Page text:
Provo • After answering a question about his team winning the rebounding battle 38-33 on Saturday night in BYU’s 84-71 win over Saint Mary’s, coach Dave Rose changed the subject without any prodding.
"It is interesting that I would field six or seven questions, and nobody would ask me about Ty [Haws] getting 33 [points]," Rose said. "I mean, that’s amazing, that he has been as good and as consistent as he has been. I think even you guys are starting to overlook [Haws’ accomplishments]."
Santa Clara at BYUThursday, 9 p.m.
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Guilty as charged.
Since picking up two fouls in the first minute of the game at Santa Clara on Jan. 18 and sitting out the rest of the first half, Haws has simply been the most prolific scorer in college basketball the past two weeks.
He scored 16 points in the second half against the Broncos, 48 points in the triple-overtime loss at Portland, 23 points in the blowout loss at Gonzaga, 38 points in Thursday’s win over Pacific and 33 against the Gaels, going 10-for-17 from the field and 11-for-12 from the free-throw line.
That is 142 points — 71 each week — in his last four games, all while shooting 53.4 percent (46-for-86) from the field.
"You have to give so much credit to Ty, because of the work that he puts in, and the skill level that he has, and the consistency that he plays with," Rose said. "But the rest of our team, those guys … are delivering the ball in the right spots for him, at the right time, for him to be able to do what he does."
Matt Carlino, who comes off the bench now after starting the first 15 games of the season, clearly enters games looking to get Haws a shot, instead of his own.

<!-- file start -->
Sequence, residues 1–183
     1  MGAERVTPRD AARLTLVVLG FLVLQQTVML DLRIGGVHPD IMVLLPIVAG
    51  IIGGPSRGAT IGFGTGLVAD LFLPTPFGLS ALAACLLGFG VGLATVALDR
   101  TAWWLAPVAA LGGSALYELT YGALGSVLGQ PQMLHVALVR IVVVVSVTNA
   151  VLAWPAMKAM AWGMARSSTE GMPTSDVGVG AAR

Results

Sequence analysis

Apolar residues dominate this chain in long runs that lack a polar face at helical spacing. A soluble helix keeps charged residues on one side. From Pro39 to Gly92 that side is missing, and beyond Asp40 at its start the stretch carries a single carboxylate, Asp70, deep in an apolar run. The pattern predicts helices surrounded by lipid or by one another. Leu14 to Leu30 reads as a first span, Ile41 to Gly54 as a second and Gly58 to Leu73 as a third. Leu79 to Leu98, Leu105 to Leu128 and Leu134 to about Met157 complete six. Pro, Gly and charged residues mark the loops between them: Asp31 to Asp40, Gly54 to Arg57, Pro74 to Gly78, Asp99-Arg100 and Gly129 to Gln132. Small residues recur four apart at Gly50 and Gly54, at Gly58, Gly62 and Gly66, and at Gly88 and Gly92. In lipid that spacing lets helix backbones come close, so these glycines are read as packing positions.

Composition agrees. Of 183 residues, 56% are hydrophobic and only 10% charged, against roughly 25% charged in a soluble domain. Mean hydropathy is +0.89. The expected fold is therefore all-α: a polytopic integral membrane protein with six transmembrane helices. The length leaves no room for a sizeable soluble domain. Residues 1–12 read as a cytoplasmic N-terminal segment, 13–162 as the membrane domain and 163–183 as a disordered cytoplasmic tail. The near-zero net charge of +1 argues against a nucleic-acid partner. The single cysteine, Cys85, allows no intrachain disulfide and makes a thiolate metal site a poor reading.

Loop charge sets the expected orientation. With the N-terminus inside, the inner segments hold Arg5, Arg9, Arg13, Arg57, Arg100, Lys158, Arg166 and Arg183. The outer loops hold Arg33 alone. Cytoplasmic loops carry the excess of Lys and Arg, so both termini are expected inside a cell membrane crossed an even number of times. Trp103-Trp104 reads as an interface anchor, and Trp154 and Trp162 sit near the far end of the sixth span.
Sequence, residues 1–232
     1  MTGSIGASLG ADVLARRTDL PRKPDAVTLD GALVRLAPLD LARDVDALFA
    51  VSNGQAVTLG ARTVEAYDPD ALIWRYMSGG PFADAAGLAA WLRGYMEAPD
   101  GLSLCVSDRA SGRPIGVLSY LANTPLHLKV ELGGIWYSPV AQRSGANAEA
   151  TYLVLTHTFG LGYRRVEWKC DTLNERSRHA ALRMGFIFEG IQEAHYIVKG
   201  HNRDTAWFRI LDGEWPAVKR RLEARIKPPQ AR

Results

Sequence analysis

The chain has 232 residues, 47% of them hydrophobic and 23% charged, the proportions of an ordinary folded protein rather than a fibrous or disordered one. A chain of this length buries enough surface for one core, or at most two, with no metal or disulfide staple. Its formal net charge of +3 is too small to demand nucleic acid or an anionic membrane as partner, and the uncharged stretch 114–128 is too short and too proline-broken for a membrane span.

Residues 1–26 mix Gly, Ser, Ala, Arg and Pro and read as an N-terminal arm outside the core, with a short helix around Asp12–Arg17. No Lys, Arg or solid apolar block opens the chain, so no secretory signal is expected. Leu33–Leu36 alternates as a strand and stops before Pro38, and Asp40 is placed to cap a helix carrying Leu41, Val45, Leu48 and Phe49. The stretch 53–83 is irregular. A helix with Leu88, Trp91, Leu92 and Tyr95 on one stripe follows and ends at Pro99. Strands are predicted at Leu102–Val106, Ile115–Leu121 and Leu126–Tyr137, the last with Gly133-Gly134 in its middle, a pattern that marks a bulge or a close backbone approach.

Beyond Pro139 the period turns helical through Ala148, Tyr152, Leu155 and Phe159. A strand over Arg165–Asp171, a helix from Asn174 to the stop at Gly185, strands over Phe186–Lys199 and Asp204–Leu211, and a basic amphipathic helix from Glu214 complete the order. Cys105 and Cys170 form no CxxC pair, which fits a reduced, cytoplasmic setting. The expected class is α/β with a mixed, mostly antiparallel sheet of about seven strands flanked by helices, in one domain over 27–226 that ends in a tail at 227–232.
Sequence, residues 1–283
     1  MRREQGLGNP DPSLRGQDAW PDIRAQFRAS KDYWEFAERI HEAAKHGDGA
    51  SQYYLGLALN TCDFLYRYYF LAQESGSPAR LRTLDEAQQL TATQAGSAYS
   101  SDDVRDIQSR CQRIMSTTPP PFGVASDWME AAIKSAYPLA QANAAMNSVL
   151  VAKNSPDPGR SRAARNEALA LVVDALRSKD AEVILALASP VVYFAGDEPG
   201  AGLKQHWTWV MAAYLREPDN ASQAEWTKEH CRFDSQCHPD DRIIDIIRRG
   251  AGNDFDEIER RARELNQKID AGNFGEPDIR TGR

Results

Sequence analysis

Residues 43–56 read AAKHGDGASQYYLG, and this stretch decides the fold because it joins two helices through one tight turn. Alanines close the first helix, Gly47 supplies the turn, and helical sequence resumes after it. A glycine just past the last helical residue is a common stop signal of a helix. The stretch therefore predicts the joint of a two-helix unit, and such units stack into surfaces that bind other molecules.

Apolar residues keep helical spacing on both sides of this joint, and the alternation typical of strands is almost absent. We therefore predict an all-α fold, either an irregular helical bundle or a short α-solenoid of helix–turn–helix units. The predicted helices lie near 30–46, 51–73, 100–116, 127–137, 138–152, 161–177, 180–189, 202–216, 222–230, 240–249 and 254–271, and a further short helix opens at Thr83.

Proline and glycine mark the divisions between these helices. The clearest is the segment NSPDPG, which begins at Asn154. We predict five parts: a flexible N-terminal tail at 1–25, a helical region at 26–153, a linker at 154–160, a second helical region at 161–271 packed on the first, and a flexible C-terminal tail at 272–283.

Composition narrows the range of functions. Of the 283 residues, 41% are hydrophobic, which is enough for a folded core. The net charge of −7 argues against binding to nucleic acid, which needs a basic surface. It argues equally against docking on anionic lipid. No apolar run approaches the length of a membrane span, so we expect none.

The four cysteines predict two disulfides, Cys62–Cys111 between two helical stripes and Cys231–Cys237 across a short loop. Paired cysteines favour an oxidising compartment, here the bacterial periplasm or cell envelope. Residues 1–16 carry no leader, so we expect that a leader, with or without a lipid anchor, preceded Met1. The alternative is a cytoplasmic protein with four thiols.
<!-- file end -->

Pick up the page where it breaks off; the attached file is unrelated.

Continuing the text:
Haws missed his first four shots Saturday night, as SMC guard James Walker III, the transfer from Utah State, held him in check until the last six minutes of the first half. Kyle Collinsworth filled the void, however, beating his defender off the dribble several times to get the offense going.
"In the first half, they put a four-man on me, so I tried to take advantage of that. We were able to get some run, some momentum, so that was good," Collinsworth said. "Our team is full of guys that can score, and so we try to take advantage of the mismatch. Every night, it seems like they can’t guard Ty, so we get him the ball and play off him, and our offense is clicking. It feels good."
Rose and Collinsworth both said the little run the Cougars made at the end of the first half was huge in reversing momentum for the second half, when BYU outscored Saint Mary’s 47-33 to beat the Gaels for the first time in five tries in the West Coast Conference.
"You look at Kyle — Kyle’s first 10 minutes of the game, for us — I mean, he saved us," Rose said. "Because we were having such a hard time running anything. Kyle was able to get the ball on the floor, get to the rim, score, get to the free-throw line, score, and we got down big. We were down 12, 14 points. But we would have been down more if it weren’t for Kyle saving us the first 10 minutes of that game."
A 60 percent free-throw shooter, Collinsworth was 8-for-10 from the line.
"He deserves to see positive results, because of the time he has put in, not only physically on the floor, but film, watching himself, just doing a lot of things to improve that part of his game," Rose said.
The Cougars (15-9, 7-4 WCC) stay at home this week, hosting Santa Clara on Thursday and second-place San Francisco (14-9, 7-4) on Saturday.
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